Uber loses court bid to block English test for drivers

The headquarters of Uber in San Francisco. (Eric Risberg, AP)
The headquarters of Uber in San Francisco. (Eric Risberg, AP)

London - Uber Technologies Inc. lost a ruling over London transport rules that require language tests for drivers, which could keep 40 000 people from joining the industry over the next three years.

Judge John Mitting ruled in favour of Transport for London on Friday, saying that it is reasonable for "drivers to demonstrate a level of competence in written and spoken English."

Uber, however, won on other TfL rules, with the judge striking down provisions on round-the-clock call centres and driver insurance.

San Francisco-based Uber has fought with regulators around the globe over the technology that traditional taxi companies say threatens their existence.

In London, Uber won a suit against TfL over the use of its app as a taxi meter before losing a suit brought by drivers seeking employment rights including the minimum wage and holiday pay.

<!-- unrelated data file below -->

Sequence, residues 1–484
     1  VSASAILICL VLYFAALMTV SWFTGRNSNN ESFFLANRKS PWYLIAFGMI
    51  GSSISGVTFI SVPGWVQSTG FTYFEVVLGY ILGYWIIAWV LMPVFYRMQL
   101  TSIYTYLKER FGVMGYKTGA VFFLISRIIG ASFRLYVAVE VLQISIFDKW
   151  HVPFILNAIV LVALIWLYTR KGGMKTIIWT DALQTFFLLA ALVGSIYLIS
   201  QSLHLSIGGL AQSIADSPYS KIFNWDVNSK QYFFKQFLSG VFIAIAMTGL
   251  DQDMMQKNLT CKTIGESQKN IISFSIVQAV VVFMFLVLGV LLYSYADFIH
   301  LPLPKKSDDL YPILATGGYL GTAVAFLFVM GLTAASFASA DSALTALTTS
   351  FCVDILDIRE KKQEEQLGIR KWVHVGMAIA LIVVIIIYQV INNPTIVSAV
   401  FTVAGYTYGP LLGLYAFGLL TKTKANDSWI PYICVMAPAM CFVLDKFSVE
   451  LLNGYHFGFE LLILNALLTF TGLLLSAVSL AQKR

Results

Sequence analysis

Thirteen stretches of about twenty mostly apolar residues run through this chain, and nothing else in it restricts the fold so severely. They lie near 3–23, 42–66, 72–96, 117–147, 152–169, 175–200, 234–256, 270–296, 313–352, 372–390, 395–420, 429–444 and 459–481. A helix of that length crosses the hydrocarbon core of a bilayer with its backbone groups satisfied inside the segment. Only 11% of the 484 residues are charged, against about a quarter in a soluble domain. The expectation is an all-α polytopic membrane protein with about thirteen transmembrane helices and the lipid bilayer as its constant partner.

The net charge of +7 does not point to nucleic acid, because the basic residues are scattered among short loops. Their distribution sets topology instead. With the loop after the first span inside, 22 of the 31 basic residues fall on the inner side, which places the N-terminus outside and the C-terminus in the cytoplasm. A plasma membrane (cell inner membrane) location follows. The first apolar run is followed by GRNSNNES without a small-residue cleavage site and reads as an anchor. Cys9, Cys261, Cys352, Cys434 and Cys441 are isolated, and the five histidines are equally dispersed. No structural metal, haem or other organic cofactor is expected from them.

Uber said that while it had won on a majority of points, it would still appeal the portion of the ruling on language tests.

"TfL tried to impose this is a deeply disappointing outcome for tens of thousands of drivers who will lose their livelihoods because they cannot pass an essay writing test," the company said in a statement.

"We’ve always supported spoken English skills, but writing an essay has nothing to do with communicating with passengers or getting them safely from A to B."

At a hearing earlier this week, Uber had called the new rules "irrational," arguing that 40% of private car-hire drivers could fail the language tests. Those fears were borne out by recent tests, where 45% of applicants have failed the English exams, Mitting said.

Regulations for round-the-clock call centres and requirements for drivers to be insured to carry passengers at all times, whether working or not, were tossed out. There is no need to duplicate Uber’s current system for non-urgent inquiries, but TfL is entitled to force them to set up a hotline for emergency calls, Judge Mitting said.

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